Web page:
Did you know that this crisis "will fundamentally alter the nature of capitalism"? Hey. Those aren't my words. They're those of David Dodge, former Bank of Canada governor, who said this mouthful and more over the last week. And he should know.
He's one of the people doing the reinventing. In fact, he's just become co-chair of one of the planet's most high-powered committees to change the world, struck by the modestly named Institute of International Finance, but don't be fooled. Members include most of the globe's largest commercial and investment banks, and they pride themselves on their unmatched international political pull.
As we head to a momentous G20 Summit next Thursday, April 2, these financial foxes are going to have a lot of say about how the banking hen house gets rebuilt. Cynicism is definitely called for. But it is one of the many paradoxes of our time that the ethical and financial fissures exposed by the meltdown and the implications of trooping out the tax-payers to fix it up are bringing some of capitalism's best minds into a surprisingly pro-social stance.
Take Dodge. He got that plum international appointment in part because he can claim some credit for many of the kudos earned by the Canadian financial regulation system. He was also Paul Martin's deputy finance minister in 1998, when Martin introduced his infamous deficit-slashing budget.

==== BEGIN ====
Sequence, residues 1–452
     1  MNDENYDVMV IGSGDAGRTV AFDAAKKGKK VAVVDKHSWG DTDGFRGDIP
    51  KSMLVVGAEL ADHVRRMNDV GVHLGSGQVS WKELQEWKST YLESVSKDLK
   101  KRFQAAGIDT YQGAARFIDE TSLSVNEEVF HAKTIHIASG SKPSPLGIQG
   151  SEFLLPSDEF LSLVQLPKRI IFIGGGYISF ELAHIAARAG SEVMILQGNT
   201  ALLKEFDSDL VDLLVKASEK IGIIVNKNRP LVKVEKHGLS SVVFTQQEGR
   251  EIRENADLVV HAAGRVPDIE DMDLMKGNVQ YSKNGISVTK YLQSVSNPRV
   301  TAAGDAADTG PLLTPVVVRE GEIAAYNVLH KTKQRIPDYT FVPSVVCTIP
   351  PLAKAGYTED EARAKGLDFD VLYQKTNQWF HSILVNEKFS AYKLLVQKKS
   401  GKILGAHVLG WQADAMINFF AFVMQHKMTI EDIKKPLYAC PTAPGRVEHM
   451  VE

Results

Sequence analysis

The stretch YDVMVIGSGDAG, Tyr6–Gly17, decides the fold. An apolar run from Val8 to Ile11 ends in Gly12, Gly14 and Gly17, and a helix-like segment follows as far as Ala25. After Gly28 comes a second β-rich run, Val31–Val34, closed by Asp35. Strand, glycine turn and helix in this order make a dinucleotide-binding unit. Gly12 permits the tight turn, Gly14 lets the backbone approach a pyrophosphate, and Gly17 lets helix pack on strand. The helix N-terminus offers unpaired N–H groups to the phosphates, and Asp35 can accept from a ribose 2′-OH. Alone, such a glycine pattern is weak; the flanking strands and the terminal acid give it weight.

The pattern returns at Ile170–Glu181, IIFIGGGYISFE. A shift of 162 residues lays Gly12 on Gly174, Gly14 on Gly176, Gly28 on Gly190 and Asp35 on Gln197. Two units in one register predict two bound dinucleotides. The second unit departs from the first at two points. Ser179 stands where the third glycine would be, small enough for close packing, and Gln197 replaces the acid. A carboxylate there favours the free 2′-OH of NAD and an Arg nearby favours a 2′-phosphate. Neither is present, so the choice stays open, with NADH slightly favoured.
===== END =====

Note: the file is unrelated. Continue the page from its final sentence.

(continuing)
But Stephen Harper's half-hearted new-neo-con approach makes Dodge look like a wild-eyed radical.
Here we are, on our way to another monumentally important international political gathering, represented by a government leader so inadequate that the Bank of Canada's former governor, only one year out of office, is calling him out.
It's weirdly heartening in these bad times to see how much progressives have in common with what Dodge City would marshal to our economic cause right now. Listen up, Harper.
Beefing up EI
Augmenting unemployment insurance was at the top of the list he spilled to the Globe and Mail last week. Dodge says extending the duration of unemployment insurance as job one to bridge the difficult road to recovery.
Long view for infrastructure
Dodge is no fan of Harper's quick in-and-out approach. He says it's a great time for a long-term urban infrastructure plan that would unfold over three to four years "rather than piss money down a rathole" in a short-sighted spending frenzy. I think you can safely assume that a $3 billion slush fund to be spent in the next six months is pretty much the epitome of a rathole.
No to matching funds
Everyone but Jim Flaherty and Harper seems to have noticed that the recession puts the provinces in an impossible cash crunch. It's great that Dalton McGuinty has doubled the child tax credit and plans to unleash some extra deficit billions in Thursday's budget, but how much can provincial coffers provide when there are fewer tax dollars and peak demands on welfare and education needs?
Here's Dodge on Flaherty's insistence on matching funds: "To think you pay for half of it only and it will get done is a bit of a stretch."